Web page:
Econometrica: Nov 2009, Volume 77, Issue 6
A Parsimonious Macroeconomic Model for Asset Pricing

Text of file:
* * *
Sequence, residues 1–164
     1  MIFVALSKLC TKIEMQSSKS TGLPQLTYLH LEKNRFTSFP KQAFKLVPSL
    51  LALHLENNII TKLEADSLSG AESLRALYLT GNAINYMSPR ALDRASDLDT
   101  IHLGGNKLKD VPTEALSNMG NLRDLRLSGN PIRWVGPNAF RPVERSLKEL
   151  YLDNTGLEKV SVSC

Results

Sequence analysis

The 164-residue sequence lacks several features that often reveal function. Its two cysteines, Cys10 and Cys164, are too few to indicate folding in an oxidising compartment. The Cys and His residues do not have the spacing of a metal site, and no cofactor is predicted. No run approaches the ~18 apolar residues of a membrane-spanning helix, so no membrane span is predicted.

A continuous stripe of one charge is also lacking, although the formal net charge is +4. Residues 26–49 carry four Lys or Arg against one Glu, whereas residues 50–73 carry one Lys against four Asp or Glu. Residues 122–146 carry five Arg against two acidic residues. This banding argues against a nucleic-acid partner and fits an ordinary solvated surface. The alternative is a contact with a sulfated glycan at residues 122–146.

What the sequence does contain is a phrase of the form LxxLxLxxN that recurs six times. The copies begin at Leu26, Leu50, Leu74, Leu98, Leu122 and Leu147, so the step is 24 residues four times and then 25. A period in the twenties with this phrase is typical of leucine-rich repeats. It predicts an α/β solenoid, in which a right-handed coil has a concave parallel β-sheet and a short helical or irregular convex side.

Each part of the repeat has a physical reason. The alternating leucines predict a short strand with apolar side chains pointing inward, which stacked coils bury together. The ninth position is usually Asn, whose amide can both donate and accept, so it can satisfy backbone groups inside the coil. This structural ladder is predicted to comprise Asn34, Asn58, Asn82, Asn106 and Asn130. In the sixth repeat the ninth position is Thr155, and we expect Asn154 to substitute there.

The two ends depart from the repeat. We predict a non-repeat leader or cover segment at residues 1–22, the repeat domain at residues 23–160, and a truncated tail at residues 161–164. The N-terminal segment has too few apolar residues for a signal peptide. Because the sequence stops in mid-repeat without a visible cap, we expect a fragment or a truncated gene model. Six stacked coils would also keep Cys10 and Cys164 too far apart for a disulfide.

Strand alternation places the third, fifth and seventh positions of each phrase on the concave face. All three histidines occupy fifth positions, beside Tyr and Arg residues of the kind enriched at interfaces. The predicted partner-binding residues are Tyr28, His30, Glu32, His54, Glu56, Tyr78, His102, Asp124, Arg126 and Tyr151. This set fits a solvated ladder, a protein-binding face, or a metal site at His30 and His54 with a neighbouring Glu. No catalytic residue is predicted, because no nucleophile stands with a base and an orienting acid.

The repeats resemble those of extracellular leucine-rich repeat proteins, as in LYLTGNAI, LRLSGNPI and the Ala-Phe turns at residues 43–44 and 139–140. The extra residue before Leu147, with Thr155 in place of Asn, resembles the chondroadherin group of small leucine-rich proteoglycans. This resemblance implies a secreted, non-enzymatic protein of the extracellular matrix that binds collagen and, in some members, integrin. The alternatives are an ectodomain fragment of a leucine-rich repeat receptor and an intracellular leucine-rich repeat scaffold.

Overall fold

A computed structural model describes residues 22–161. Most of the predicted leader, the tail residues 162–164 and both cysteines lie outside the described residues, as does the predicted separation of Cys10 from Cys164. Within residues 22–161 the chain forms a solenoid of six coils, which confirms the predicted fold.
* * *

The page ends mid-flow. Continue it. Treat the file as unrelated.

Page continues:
Fatih GuvenenI study asset prices in a two‐agent macroeconomic model with two key features: limited stock market participation and heterogeneity in the elasticity of intertemporal substitution in consumption (EIS). The model is consistent with some prominent features of asset prices, such as a high equity premium, relatively smooth interest rates, procyclical stock prices, and countercyclical variation in the equity premium, its volatility, and in the Sharpe ratio. In this model, the risk‐free asset market plays a central role by allowing non‐stockholders (with low EIS) to smooth the fluctuations in their labor income. This process concentrates non‐stockholders' labor income risk among a small group of stockholders, who then demand a high premium for bearing the aggregate equity risk. Furthermore, this mechanism is consistent with the very small share of aggregate wealth held by non‐stockholders in the U.S. data, which has proved problematic for previous models with limited participation. I show that this large wealth inequality is also important for the model's ability to generate a countercyclical equity premium. When it comes to business cycle performance, the model's progress has been more limited: consumption is still too volatile compared to the data, whereas investment is still too smooth. These are important areas for potential improvement in this framework.
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